As of right now, I am going through neuro feedback, and seeing if it will in fact help my fatigue. I have been resting and going along with my normal life as much as possible.  I  am still getting some memory back here and there. I am hoping to get back my energy like I had before, but I also know that coming out of a traumatic brain injury like this, I will certainly not be the same girl as before. No one could possibly be the same as before. I would say all of the colors, food, animals, geography, people, etc. that I have come to know in these past 21 months, has all been taught to me, or I have learned on my own. As of right now I am still learning these things, I  definitely forget a lot of these common topics, but  I am trying to learn them still. I am not about to give up on my struggle though. I really do love life! There have definitely been times where I could have easily given up, but my faith in the Lord and in myself, along with the love from my family and  boyfriend Adam has kept me on my feet. I have learned not to be embarrassed when I make remarks, or do not understand something, because God has a plan for me. God has a special plan for each and every injured mind.  I Know His plan is an amazing one.  In the book of Jeremiah it says, “Heal me, O LORD, and I will be healed; save me and I will be saved, for you are the one I praise”(17:14). This is why I keep going, this is why my experience will be shaped into a story of faith and encouragement for others and also myself. There is always light when things seem dark.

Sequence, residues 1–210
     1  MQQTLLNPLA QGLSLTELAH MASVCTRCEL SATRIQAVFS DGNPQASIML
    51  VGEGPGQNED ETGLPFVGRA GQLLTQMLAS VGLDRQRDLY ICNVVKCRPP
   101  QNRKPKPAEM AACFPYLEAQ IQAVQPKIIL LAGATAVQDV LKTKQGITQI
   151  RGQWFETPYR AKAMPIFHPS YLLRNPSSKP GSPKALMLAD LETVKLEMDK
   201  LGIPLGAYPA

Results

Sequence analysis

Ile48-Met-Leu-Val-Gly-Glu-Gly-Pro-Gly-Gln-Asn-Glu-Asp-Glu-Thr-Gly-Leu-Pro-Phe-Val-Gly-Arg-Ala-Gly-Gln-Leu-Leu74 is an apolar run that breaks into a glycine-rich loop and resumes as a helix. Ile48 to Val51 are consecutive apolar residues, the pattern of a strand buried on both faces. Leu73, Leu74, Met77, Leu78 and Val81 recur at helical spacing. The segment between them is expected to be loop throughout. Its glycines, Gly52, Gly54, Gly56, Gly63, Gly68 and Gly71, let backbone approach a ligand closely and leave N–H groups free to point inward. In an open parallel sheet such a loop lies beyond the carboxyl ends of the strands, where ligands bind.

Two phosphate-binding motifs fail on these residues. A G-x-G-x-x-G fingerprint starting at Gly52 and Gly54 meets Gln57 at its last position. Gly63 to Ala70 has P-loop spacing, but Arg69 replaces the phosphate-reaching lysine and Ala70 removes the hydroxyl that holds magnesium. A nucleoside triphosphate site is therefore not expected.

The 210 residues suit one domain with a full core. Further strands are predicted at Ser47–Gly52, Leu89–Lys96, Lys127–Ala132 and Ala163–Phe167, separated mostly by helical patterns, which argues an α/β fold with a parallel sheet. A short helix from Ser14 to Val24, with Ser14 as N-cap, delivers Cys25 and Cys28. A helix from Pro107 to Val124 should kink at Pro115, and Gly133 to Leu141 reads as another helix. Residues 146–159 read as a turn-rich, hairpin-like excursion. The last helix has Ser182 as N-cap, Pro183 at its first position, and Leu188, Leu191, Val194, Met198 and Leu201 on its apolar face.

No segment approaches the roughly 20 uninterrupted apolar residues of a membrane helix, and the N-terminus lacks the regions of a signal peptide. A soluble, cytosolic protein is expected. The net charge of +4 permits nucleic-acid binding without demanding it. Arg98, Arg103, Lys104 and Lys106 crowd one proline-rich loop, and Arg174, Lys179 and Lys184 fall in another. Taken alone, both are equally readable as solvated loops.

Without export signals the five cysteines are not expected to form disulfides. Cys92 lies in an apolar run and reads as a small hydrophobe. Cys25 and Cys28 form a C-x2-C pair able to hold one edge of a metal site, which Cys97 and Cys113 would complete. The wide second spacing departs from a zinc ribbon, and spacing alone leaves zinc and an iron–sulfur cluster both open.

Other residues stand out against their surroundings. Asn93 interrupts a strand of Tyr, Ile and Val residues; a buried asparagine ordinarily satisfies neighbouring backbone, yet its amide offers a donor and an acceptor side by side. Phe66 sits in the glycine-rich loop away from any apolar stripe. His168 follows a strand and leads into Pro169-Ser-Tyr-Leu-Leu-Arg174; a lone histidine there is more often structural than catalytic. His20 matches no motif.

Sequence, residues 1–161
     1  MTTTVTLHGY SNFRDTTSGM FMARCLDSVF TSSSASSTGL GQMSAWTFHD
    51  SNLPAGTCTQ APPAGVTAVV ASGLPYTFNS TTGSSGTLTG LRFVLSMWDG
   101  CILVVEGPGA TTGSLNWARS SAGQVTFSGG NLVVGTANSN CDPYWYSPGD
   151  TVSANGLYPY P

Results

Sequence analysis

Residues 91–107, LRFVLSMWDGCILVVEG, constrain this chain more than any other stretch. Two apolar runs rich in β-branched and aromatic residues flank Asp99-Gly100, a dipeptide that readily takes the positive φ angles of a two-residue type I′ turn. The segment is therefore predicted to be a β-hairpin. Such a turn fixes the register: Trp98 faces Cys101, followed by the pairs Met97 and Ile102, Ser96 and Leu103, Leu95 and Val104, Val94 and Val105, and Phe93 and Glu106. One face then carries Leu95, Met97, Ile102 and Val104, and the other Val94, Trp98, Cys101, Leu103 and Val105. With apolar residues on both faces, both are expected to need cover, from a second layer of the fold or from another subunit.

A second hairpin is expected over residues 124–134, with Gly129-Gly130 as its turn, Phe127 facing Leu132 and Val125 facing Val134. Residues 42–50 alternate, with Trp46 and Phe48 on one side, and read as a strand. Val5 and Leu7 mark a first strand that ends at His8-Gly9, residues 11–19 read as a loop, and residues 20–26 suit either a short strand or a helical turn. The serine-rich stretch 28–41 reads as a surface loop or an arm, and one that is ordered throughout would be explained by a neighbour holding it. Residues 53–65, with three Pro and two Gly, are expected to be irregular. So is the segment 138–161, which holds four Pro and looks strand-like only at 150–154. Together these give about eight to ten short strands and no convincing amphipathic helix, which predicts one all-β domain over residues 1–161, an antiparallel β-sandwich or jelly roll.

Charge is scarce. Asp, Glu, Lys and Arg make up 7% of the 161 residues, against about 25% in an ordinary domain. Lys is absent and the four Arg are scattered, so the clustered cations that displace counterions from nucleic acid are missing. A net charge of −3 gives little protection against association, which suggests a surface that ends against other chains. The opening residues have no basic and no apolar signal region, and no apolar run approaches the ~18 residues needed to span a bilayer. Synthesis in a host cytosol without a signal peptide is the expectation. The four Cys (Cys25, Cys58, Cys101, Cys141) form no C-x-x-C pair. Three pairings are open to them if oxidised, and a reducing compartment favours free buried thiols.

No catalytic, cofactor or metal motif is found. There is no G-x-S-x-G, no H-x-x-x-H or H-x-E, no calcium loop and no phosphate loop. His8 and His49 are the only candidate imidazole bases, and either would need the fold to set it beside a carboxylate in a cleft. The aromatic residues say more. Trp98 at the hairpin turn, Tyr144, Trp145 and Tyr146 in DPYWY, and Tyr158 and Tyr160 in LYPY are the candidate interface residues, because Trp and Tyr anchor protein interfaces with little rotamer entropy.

Multiple Concussion Sufferer From PA Details Her Experiences

{ Editor’s note: Isabella’s experience highlights the most common (and nerve-wracking) bullet point that many of us have learned as multiple concussion sufferers: That it takes virtually no effort at all to re-injure yourself once you get the ball rolling with concussions. We know that the effects of concussions are cumulative and that each one increases the likelihood of the next one- even from a slight bump. Living under that sort of cloud day to day is stressful and very difficult; especially, as you are working hard to recover from current symptoms.   – Jay }

By Isabella Cantafio

isabellaI never knew what a concussion was until I got my first one in a soccer game in 6th grade. I headed the ball in the air with another player and fell back whipping my head off the ground. I remember feeling in a blur and sat out for about 5 minutes before returning into play. By the end of the game my head felt like someone was hitting it with a hammer and I was on a merry go round ride. My next concussion came in 8th grade from hitting my head off the gymnasium floor leaving me unconscious for 2 minutes and sending me to the hospital.

Nearing the end of my freshman year, I was in a water park accident that caused a concussion and forced me to end my 9th grade year early.